If an investor buys a put option to protect their long position, but the seller closes the position before expiration (if it gets close to being in the money), does that eliminate the buyer's "insurance"? If so, then it wouldn't this risk invalidate the whole strategy of buying protective puts?
The original option writer (seller) can close his short position in the contracts he wrote by purchasing back matching contracts (i.e. contracts with the same terms: underlying, option type, strike price, expiration date) from any others who hold long positions, or else who write new matching contract instances.
Rather than buyer and seller settling directly, options are settled through a central options clearing house, being the Options Clearing Corporation for exchange-listed options in the U.S. See also Wikipedia - Clearing house (finance).
So, the original buyer of the put maintains his position (insurance) and the clearing process ensures he is matched up with somebody else holding a matching obligation, if he chooses to exercise his put.
I also answered a similar question but in more detail, here.
You're assuming options traded on the open market. To close open positions, a seller buys them back on the open market. If there's little on offer, this will drive the price up.
An option is freely tradable, and all options (of the same kind) are equal. If your position is 0 and you sell 1 option, your new position in that option is -1. If the counterparty to your trade buys or sells more options to close, open, or even reopen their position afterwards, that doesn't matter to your position at all.
Of course there's also the issue with American and European Options. European Options expire at their due date, but American Options expire at their due date or at any time before their due date if the holder decides they expire. With American Options, if a holder of an American Option decides to exercise the option, someone who is short the same option will be assigned as the counterparty (this is usually random). Expiry is after market close, so if one of your short American Options expires early, you will need to reopen the position the next day. Keep in mind dividends for slightly increased complexity.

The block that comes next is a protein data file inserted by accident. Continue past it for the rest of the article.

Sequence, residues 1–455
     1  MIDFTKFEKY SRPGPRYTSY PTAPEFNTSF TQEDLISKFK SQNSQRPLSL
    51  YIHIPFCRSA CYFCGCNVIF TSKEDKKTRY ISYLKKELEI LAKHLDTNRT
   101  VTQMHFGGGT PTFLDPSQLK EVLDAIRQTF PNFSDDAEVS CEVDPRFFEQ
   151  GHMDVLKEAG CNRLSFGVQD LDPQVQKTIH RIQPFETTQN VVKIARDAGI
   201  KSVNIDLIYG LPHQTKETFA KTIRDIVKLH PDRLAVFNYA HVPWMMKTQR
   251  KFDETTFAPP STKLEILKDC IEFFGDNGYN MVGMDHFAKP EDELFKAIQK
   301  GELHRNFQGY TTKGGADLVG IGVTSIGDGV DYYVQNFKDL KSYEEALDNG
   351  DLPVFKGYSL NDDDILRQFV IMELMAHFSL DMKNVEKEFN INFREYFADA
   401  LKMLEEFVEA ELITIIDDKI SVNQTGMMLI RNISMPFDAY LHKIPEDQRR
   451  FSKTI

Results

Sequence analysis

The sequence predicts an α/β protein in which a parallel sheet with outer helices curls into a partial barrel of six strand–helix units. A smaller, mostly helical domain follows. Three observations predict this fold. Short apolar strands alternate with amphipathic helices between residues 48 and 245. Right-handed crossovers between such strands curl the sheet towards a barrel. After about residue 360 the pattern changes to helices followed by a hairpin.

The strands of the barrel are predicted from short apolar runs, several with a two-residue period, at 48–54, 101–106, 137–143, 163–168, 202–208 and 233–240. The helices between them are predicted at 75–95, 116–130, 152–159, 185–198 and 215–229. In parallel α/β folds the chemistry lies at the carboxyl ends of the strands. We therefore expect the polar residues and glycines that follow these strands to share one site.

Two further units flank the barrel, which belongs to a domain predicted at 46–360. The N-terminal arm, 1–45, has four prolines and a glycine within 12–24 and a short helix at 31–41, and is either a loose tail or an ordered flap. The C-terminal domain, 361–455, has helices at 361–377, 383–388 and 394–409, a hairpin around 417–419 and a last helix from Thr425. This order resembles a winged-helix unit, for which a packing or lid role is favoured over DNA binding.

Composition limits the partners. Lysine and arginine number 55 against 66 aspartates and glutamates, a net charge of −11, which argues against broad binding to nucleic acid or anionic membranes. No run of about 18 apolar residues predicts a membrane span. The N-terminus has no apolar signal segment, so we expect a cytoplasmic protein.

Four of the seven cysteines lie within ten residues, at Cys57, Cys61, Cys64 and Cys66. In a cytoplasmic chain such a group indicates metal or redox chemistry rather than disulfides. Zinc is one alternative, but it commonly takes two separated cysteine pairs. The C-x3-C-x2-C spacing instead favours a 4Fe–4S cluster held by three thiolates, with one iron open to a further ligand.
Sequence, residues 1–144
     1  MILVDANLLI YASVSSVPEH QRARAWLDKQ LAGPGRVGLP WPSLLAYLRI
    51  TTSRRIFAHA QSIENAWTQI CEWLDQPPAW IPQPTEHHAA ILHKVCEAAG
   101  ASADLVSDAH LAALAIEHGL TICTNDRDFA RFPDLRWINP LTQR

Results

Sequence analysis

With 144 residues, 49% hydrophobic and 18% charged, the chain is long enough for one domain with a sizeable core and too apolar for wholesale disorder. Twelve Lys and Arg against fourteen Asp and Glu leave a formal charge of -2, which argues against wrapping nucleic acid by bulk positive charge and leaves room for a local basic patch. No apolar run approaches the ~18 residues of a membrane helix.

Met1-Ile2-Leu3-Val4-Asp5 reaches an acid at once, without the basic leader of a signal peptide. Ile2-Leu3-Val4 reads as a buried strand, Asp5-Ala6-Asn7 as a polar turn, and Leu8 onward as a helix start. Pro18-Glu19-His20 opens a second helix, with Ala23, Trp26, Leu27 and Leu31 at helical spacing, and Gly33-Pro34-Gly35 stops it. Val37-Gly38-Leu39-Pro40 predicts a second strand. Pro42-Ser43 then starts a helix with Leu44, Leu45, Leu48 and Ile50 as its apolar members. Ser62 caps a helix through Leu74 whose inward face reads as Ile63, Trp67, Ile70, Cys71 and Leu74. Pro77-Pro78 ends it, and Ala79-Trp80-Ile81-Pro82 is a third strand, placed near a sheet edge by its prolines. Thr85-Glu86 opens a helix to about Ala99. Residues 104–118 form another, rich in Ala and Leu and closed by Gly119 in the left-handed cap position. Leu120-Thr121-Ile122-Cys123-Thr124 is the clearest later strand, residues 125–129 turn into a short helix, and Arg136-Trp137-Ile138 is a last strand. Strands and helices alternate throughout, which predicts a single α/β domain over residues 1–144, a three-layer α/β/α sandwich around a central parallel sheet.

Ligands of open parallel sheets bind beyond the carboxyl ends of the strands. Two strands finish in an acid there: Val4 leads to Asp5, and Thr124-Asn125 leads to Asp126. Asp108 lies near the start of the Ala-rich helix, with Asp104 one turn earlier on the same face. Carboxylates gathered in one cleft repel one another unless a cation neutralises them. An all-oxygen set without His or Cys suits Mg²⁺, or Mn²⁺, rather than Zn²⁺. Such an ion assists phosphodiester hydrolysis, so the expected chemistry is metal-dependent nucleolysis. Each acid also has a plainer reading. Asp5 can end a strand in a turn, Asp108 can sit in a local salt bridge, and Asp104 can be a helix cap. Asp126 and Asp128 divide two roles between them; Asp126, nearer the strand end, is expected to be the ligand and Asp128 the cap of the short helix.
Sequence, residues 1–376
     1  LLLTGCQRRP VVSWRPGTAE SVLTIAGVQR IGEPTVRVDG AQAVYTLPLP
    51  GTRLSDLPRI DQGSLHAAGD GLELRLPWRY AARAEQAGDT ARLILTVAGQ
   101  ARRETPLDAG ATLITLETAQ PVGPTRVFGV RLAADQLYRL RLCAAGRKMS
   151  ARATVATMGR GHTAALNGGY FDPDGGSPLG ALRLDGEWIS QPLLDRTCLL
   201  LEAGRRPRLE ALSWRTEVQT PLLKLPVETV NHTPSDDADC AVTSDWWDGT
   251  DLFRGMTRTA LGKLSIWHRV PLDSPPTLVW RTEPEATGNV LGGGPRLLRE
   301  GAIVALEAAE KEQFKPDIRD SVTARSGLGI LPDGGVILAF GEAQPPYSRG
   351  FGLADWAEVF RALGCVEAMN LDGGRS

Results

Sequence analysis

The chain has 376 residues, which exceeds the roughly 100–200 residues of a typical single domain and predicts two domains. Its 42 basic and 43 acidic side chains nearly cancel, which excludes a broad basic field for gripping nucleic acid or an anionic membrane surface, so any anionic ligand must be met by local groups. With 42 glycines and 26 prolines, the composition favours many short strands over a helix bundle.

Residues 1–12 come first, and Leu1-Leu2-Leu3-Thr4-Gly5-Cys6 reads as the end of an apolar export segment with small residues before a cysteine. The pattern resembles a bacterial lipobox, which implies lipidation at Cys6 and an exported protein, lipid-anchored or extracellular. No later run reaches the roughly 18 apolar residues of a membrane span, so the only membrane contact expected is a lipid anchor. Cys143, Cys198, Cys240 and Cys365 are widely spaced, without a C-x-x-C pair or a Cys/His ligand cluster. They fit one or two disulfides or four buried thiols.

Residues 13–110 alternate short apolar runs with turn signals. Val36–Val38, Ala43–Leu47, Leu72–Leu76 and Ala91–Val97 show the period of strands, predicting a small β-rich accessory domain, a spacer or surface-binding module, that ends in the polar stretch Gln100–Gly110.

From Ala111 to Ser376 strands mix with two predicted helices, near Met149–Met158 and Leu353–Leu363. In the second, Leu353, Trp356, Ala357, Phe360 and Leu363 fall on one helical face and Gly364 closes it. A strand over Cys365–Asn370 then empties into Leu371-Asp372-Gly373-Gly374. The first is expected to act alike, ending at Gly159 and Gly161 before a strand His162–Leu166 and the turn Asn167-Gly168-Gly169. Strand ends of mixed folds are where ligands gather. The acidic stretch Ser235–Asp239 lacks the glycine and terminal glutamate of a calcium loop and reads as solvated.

American and European Options do not in any way refer to the continents they are traded on, or to the location of the companies. These terms simply describe the expiry rules.
The entity on the other side of the trade is selling the put option. This could mean they are either an account that has +1 of that put option and is looking to sell it (-1). Or, they are someone looking to open up a position by selling a put (much like the trader originally did).
In both cases, the end result is that the original trader gets credited that option back and their position is nullified. If the entity on the other side was a person that was holding a put (+1), they are selling it (-1) for that price, and the open interest will decrease. If the entity on the other side is establishing a new position, the open interest remains the same and the entity on the other side takes on the role of fulfilling that option on the expiration date.
Note that it doesn't matter if the entity on the other side of the trade was the original party that made the original trade happen. The responsibility for fulfilling the contract will either pass to a new person (new seller), or dissolve (same buyer). There will always be a matching pair of buyer/seller for each contract.